Results from several laboratories have demonstrated SWCNT-driven robust inflammation, granulomatous lesions and interstitial fibrosis in the lungs of exposed animals.13–17
Complex interactions between the pathophysiologic mechanisms—inflammatory response and oxidative stress, that can synergistically amplify each other and cause enhanced pulmonary toxicity - have been revealed.18
In several recent field studies airborne concentration of nanotubes was reported as high as 53 μg/m3
/SWCNT or 430 μg/m3
Thus, under manufacturing settings, lung burdens comparable to used in our study (adjusted by lung surface area) can be achieved by workers in 2.3–19.3 years (53–430 μg/m3
, lung ventilation of 9.6 m3
deposited pulmonary fraction of 10%22
). Lifetime human lung burdens at these nanotube concentrations in the air (53 or N430μg/m3
) will be 0.57 g or 4.54 g, respectively. This will bring us to assessed exposure levels in rodents that are equivalents to 0.28 or 2.23 mg/mouse. In the current study, a bolus SWCNT delivery protocol, pharyngeal aspiration, was used to expose mice. This technique provides widespread delivery of particles throughout the lung at a single time point.23,24
It has been demonstrated that at comparable particle burdens pulmonary responses to bolus instillation reflected the pulmonary response to inhalation.25,26
There is compelling evidence that poorly soluble carbonaceous nanoparticles e.g.
nanotubes are not appreciably cleared from the lungs following intratracheal instillation or inhalation.27,28
Therefore, the doses of SWCNT utilized in the current study (40–120 μg/mouse) are relevant to the actual workplace and certainly less than those that could be achieved during life-time work exposures (8hr/d, 5 d/wk, 45 yrs).29
Our data are in line with these previous reports confirming that SWCNT are capable of inducing pulmonary inflammation. In fact, we observed a dose dependent increase in cell counts including macrophages and PMNs in BAL fluid after the animals exposure to SWCNT. Notably, SWCNT-induced inflammation facilitated the recruitment of DC to the lung tissues (), increasing chances of direct DC/SWCNT interactions. The acute phase of lung inflammation (on day 1 post exposure) was characterized by an increase of both pro-inflammatory cytokines (TNF-α, IL-6) as well as chemotactic factors (MCP1). Our assessment of pulmonary damage, measured by LDH and protein release in the BAL fluid, correlates well with the observed pulmonary inflammation (see suppl., Figures S1, S2
). Altogether, SWCNT-induced inflammation favors the recruitment of immune cells to the lung and provides additional signals for APC activation and maturation in the context of “danger signals” and a specific cytokine/chemokine environment.30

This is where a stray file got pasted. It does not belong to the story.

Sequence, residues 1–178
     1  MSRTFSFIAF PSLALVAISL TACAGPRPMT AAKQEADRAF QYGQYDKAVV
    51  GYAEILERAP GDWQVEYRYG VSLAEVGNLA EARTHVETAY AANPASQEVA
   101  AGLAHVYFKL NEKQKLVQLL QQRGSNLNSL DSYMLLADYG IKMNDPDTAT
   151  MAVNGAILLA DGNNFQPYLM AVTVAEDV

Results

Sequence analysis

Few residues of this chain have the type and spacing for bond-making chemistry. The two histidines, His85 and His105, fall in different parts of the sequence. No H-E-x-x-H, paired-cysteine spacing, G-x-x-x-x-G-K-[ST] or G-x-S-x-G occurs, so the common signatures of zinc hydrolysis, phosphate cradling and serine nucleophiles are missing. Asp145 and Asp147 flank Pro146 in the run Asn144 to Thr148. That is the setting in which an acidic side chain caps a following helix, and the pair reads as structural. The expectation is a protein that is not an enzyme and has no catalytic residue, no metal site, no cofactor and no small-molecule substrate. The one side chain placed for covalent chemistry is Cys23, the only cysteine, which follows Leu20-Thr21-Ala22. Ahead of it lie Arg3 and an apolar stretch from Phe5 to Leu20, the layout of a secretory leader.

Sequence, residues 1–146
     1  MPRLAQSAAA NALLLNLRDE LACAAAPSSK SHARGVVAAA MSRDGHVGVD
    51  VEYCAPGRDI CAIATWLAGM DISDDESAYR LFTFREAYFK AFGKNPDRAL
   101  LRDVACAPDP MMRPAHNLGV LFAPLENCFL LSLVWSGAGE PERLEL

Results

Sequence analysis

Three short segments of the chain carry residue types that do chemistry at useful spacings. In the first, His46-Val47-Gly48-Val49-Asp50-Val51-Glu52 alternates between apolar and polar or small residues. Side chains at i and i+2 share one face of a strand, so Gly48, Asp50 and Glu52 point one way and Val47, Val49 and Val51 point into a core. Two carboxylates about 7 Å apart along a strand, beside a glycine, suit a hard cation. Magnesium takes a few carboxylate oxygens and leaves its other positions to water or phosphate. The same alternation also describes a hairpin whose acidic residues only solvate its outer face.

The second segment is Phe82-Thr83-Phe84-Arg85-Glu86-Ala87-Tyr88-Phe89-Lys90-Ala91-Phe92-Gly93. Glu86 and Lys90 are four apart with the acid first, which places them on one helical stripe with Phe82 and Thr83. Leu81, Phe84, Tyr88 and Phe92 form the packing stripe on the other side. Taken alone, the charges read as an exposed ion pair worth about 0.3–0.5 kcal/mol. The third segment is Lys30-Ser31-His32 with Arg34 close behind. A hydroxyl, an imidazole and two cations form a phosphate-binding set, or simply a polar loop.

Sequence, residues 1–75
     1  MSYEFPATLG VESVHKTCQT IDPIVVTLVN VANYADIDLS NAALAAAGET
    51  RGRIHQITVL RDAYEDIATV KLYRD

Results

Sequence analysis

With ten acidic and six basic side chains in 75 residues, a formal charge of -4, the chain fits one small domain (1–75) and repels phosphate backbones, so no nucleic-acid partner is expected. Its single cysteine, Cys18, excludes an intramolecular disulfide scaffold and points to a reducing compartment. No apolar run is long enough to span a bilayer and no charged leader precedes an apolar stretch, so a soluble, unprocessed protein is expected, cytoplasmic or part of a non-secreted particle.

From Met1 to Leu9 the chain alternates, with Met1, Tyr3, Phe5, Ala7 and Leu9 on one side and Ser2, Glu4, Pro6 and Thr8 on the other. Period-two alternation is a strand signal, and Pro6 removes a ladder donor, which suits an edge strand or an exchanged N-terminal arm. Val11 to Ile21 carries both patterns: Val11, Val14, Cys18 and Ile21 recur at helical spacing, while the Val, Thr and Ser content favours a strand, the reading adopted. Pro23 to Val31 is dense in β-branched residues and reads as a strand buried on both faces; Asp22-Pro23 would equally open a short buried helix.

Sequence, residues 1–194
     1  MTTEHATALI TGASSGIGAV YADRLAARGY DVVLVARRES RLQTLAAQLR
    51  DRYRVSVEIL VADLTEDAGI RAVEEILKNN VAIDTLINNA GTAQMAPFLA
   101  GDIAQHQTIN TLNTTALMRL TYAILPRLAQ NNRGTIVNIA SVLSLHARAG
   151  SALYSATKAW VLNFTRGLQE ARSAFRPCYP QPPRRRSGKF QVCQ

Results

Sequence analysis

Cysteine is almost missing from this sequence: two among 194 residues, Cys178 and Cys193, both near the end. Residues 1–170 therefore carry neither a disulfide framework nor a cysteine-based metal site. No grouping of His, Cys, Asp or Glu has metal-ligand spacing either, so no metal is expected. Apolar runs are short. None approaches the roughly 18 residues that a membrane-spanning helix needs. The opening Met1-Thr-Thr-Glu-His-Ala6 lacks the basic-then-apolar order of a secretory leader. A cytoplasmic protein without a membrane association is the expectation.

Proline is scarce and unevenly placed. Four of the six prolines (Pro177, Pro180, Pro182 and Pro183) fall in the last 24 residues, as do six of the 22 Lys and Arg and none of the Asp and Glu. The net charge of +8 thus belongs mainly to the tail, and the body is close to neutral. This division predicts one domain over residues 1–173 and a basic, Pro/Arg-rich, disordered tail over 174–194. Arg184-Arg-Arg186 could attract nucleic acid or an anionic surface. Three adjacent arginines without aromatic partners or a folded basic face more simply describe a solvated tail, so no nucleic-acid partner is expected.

In vivo, SWCNT induced a pro-inflammatory milieu in the lungs that could lead to T cell activation and systemic immunostimulation. However, our data suggest that in SWCNT-exposed animals splenic T cell responses were suppressed ().
Several lines of evidence indicate that local inflammation following SWCNT exposure is able to modify immune responses. Recent in vivo
studies revealed the adjuvant effects of various NP administered along with a specific antigen/allergen. Increased serum levels of ovalbumin (OVA)-specific IgE, as well as elevated eosinophil counts in BAL following MWCNT or SWCNT + OVA exposure were reported.2,5,31
As for the response to infectious agents, it has been demonstrated that SWCNT and diesel exhaust particles (DEP) exposure increased the severity of Listeria monocytogenes
infection in vivo
Pulmonary exposure to MWCNT caused suppressed responses of spleen cells to mitogen stimulation, as reported by Mitchell et al.10,11
In these studies, no significant pulmonary inflammation was documented. However, TGF-β release from the lung was proposed to be the mechanism of T cell dysfunction and impaired systemic immunity. Here we provide evidence that DC might be involved in translation of immune suppressive signal(s) from the inflamed lung to peripheral lymphoid tissues modulating systemic immunity.
DC are the major bridge between the innate and adaptive immune responses. DC are APC, that are highly efficient in antigen presentation and stimulation of T lymphocytes.34
DC take-up and process antigens, migrate from peripheral tissues to lymphoid organs, present antigens, produce cytokines and express co-stimulatory molecules critical for efficient activation of T cells required for the development of adaptive immune responses. DC exist in two functionally and phenotypically distinct states, immature and mature. Immature DC are widely distributed throughout the body and occupy sentinel positions in many non-lymphoid tissues including the lung. They constantly test their environment for antigens by phagocytosis, macropinocytosis, and pinocytosis.35
Immature DC express relatively low levels of MHC class I, class II, and co-stimulatory molecules.36
After engulfing antigens and activation by proinflammatory cytokines and other signals (like bacterial LPS), immature DC differentiate into mature cells. Mature DC have a reduced potential for antigen uptake but a high capacity for antigen presentation and T cell stimulation.37,38